What is electronic screen syndrome?
Electronic screen syndrome (ESS) is a term coined by Dr. Victoria Dunckley, a child psychiatrist and expert on the effects of screen time on the brain. ESS refers to a condition that results from excessive use of electronic screen media, such as computers, smartphones, tablets, video games, and TV. ESS can cause various symptoms that affect mental health, such as mood swings, irritability, anxiety, depression, attention problems, learning difficulties, and even hallucinations. According to Dr. Dunckley, ESS is not a diagnosis, but a description of how the brain reacts to overstimulation from screen media.
How does screen media affect the brain?
Screen media can have both positive and negative effects on the brain, depending on the type, content, duration, and context of use. Some of the benefits of screen media include enhancing cognitive skills, creativity, communication, and social connection. However, some of the drawbacks of screen media include disrupting the natural rhythms of the brain, such as sleep-wake cycles, hormone levels, and stress response. Screen media can also interfere with the development of the brain’s executive functions, such as planning, organizing, prioritizing, and self-regulation. These functions are essential for academic success, emotional stability, and social competence.
Who is at risk of developing ESS?
ESS can affect anyone who uses screen media excessively or inappropriately. However, some groups are more vulnerable than others, such as children and adolescents, whose brains are still developing and maturing. Children and adolescents are also more likely to use screen media for entertainment and socialization purposes, rather than for educational or professional purposes. Additionally, people who have underlying mental health issues or neurological disorders may be more prone to developing ESS or worsening their existing symptoms.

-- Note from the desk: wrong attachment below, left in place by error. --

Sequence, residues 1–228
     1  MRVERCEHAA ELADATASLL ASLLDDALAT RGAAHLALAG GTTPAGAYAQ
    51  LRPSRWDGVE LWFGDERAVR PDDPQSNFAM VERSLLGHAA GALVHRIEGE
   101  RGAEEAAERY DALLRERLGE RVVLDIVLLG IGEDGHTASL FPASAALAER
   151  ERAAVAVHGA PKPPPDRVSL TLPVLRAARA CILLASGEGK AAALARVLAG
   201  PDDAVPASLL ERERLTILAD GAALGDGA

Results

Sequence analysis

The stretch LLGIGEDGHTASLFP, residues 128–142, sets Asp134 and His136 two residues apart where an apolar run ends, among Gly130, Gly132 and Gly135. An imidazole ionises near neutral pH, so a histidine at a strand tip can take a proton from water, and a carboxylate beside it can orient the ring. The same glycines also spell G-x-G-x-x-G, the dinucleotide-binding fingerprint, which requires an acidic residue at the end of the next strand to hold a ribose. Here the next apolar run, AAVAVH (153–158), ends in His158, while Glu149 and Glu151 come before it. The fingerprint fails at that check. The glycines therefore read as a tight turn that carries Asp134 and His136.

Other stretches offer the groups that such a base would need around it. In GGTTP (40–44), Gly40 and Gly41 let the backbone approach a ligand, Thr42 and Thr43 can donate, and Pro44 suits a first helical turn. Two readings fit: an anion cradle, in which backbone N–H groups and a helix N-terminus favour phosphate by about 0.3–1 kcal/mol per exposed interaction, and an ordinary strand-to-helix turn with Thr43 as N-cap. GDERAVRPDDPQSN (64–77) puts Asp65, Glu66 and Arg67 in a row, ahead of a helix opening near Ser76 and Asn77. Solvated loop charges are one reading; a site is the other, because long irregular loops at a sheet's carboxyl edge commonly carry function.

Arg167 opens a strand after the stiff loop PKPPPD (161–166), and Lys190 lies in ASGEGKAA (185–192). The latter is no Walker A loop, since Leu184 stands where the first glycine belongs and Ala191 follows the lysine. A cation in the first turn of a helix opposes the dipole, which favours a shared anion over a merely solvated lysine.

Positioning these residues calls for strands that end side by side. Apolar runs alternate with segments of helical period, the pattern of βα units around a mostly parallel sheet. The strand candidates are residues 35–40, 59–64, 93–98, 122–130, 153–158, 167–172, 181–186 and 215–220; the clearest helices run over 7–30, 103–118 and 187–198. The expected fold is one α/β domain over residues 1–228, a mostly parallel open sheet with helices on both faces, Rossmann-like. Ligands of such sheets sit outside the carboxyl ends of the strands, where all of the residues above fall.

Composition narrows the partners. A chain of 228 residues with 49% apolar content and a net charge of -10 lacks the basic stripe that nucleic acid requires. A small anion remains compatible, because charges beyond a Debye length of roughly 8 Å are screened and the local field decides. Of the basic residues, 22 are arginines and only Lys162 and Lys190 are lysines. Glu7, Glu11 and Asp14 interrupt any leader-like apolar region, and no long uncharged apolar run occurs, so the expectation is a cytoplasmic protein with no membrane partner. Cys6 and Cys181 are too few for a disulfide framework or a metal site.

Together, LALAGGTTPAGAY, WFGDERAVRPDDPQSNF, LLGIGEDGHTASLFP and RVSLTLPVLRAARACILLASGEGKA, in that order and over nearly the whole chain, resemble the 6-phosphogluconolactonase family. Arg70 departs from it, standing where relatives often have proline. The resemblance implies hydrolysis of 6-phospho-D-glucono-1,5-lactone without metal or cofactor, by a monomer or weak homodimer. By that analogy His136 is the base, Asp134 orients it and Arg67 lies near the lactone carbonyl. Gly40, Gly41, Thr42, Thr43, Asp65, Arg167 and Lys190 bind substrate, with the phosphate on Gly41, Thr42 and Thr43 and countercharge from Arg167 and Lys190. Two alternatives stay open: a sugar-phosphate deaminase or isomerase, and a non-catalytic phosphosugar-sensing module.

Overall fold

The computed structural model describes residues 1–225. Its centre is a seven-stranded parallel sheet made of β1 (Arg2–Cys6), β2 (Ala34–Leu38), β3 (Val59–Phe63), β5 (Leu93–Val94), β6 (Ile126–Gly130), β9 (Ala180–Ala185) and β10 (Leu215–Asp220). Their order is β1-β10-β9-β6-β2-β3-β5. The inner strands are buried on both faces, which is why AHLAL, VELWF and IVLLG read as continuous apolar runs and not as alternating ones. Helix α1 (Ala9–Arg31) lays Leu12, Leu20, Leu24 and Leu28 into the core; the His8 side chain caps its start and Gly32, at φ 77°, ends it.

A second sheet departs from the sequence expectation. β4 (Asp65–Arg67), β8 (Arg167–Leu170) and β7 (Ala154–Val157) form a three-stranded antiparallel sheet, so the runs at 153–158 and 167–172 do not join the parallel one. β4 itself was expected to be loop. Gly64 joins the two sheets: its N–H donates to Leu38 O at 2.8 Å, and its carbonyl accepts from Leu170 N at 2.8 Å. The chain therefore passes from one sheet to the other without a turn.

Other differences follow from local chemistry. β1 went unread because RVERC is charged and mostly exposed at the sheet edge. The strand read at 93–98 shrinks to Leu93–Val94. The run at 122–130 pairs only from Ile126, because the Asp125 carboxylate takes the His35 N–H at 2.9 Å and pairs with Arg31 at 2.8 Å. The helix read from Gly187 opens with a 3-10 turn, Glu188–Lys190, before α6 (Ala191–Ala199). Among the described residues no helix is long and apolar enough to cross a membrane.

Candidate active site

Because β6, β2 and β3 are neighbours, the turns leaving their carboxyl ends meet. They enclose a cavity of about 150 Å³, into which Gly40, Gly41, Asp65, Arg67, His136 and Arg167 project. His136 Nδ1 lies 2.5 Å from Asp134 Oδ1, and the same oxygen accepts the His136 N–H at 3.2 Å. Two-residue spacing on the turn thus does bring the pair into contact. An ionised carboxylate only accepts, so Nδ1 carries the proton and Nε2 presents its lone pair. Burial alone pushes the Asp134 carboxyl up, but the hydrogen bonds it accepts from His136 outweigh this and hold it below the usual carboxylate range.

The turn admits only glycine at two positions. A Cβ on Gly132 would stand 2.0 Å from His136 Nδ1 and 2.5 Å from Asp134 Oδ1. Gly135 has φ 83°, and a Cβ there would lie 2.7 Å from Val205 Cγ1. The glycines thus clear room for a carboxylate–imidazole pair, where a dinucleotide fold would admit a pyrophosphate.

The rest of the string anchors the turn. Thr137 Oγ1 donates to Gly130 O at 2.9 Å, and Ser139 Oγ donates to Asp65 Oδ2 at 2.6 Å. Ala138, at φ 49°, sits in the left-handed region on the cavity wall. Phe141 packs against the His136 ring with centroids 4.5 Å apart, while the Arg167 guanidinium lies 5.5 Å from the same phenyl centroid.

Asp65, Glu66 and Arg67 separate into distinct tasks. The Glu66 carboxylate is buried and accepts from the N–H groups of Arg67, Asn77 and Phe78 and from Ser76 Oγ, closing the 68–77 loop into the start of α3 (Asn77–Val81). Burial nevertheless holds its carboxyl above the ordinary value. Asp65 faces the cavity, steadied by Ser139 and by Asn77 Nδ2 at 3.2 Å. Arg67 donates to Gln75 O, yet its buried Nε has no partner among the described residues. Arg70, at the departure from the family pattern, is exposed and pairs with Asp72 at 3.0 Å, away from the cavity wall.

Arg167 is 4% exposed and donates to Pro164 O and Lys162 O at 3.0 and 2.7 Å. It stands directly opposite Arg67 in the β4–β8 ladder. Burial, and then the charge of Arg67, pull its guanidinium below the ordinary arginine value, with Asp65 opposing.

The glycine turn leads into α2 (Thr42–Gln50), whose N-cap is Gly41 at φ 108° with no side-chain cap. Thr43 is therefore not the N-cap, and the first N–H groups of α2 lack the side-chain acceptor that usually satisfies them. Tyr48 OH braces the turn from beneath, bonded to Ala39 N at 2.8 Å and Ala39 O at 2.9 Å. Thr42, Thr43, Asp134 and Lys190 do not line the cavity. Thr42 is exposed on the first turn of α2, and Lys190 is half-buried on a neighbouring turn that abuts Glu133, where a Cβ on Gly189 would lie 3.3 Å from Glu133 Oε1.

How can ESS be prevented or treated?
The best way to prevent or treat ESS is to reduce or eliminate the use of screen media that causes overstimulation or distress. This may require setting limits on the amount and timing of screen use, choosing appropriate and positive content, and balancing screen time with other activities that promote physical, mental, and social well-being. Some examples of these activities include exercise, outdoor play, hobbies, reading, meditation, and spending quality time with family and friends. For people who have severe or persistent symptoms of ESS, professional help may be needed to address the underlying causes and provide appropriate interventions. Some of these interventions may include medication, psychotherapy, behavioral therapy, or neurofeedback.
Electronic screen syndrome is an emotional health concern related to computer use that can affect anyone who uses screen media excessively or inappropriately. ESS can cause various symptoms that affect mental health, such as mood swings, irritability, anxiety, depression, attention problems, learning difficulties, and even hallucinations. ESS can be prevented or treated by reducing or eliminating the use of screen media that causes overstimulation or distress and by engaging in other activities that promote physical, mental, and social well-being. If you or someone you know is suffering from ESS or any other mental health issue related to computer use, seek professional help as soon as possible. Remember that your health is more important than any device or app.